Patience Plus a Great Franchise Can Make You Wealthy

The 2nd tenet of my investing blueprint is Act Like an Owner. The 8th tenet is Practice Patience. A great business generates wealth over time. Owners of privately held great businesses know they have something special that is worth holding on to and passing on. They are likely to be naturally patient in holding on to their businesses. I recently came across an example that powerfully reinforces this lesson and shows that the rewards of private business ownership are also available in the stock market.

I saw a comment on an investing forum where a contributor noted that Berkshire Hathaway now enjoys a 27% dividend yield on its original purchase of Coca-Cola. The stock currently pays a dividend of $1.76 on an annualized basis and Berkshire’s cost in the stock is $6.50 per share on a split-adjusted basis ($1.76 / $6.50 = 27%).

It’s amazing to think that you could have put $1,000,000 in Coka-Cola stock in 1988 and today, on top of your unrealized capital gains, you would be receiving annual checks totaling $270,000. Moreover, the $270,000 would be likely to grow at 5-7% as far as the eye can see.

Buffett’s purchase of Coca-Cola is highly celebrated and studied. Buffett invested $1,299 million and it is now worth $11,176 million based on the August 31, 2010 closing price. That is an average annual return of 10.3%, assuming a holding period of 22 years. Buffett purchased shares of Coca-Cola during 1988 and 1989.

What’s interesting to me is not only Buffett’s Coca-Cola purchase and its results, but also how well you would have done if you had purchased shares in other leading franchises at the end of 1988.

Johnson & Johnson

  • Price 12/31/1988 – $3.45
  • Price 8/31/2010 – $57.02
  • Average annual return – 13.8%
  • Current dividend – $2.16
  • Dividend yield on cost – 63%


  • Price 12/31/1988 – $4.42
  • Price 8/31/2010 – $73.06
  • Average annual return – 13.8%
  • Current dividend – $2.20
  • Dividend yield on cost – 50%

Exxon Mobile

  • Price 12/31/1988 – $5.48
  • Price 8/31/2010 – $59.11
  • Average annual return – 11.6%
  • Current dividend – $1.76
  • Dividend yield on cost – 32%


  • Price 12/31/1988 – $4.18
  • Price 8/31/2010 – $64.18
  • Average annual return – 13.42%
  • Current dividend – $1.92
  • Dividend yield on cost – 46%

Total returns would be considerably higher if the calculations included the reinvestment of dividends.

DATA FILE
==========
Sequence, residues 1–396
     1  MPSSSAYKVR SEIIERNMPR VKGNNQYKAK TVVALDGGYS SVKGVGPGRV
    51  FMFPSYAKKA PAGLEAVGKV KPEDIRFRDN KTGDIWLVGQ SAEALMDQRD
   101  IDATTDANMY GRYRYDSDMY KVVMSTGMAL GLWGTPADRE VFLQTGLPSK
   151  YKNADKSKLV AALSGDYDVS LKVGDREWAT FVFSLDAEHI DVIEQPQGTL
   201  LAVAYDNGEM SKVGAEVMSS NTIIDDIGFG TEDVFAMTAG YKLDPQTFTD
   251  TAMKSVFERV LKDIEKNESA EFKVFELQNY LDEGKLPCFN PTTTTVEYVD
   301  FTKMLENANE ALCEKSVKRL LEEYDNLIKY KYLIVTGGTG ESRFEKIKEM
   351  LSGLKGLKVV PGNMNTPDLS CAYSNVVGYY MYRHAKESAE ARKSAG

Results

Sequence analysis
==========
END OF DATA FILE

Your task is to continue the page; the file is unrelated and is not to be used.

It is worth noting that these companies were very well established and widely followed in the late eighties. Their strong economics and competitive advantages were on display for any investor willing to take a look. In short, they were hiding in plain sight. Moreover, I could have found many other examples of companies with similar performance.

Most investors missed them because they were not “hot” or “exciting”.

Also, it is important to understand why these businesses were able to produce such impressive results. These types of businesses earn high returns on equity, typically 18-20% or higher. After paying dividends and repurchasing shares, they are able to increase their equity by 10-15% per year. This reinvested capital, in turn, earns a high rate of return owing to the businesses’ durable competitive advantages. The mathematics are the same as those in play if you kept adding money to a savings account; the unusually high rate of return is a function of the moats these businesses enjoy.

Finally, don’t forget that if you invest outside of a retirement account, the tax benefits to this type of investing are huge. Buffett points out that the deferred capital gains tax amounts to an interest-free loan from the government.

Today, many world-class global franchises are available at very reasonable prices. Smart investors have taken notice and are buying large numbers of shares. Take a look at the holdings of leading investors at

Remember, as we have learned from Buffett, sins of omission can be every bit as costly as sins of commission.


One thought on “Patience Plus a Great Franchise Can Make You Wealthy

  1. Martin Conder

    You have described the core of the Buffett approach very well. Many investors see the logic but still can’t discipline themselves to filter out the urge to look for more excitement and short term gain. Ultimately I think it all comes down to psychology and you need to train yourself to be patient!


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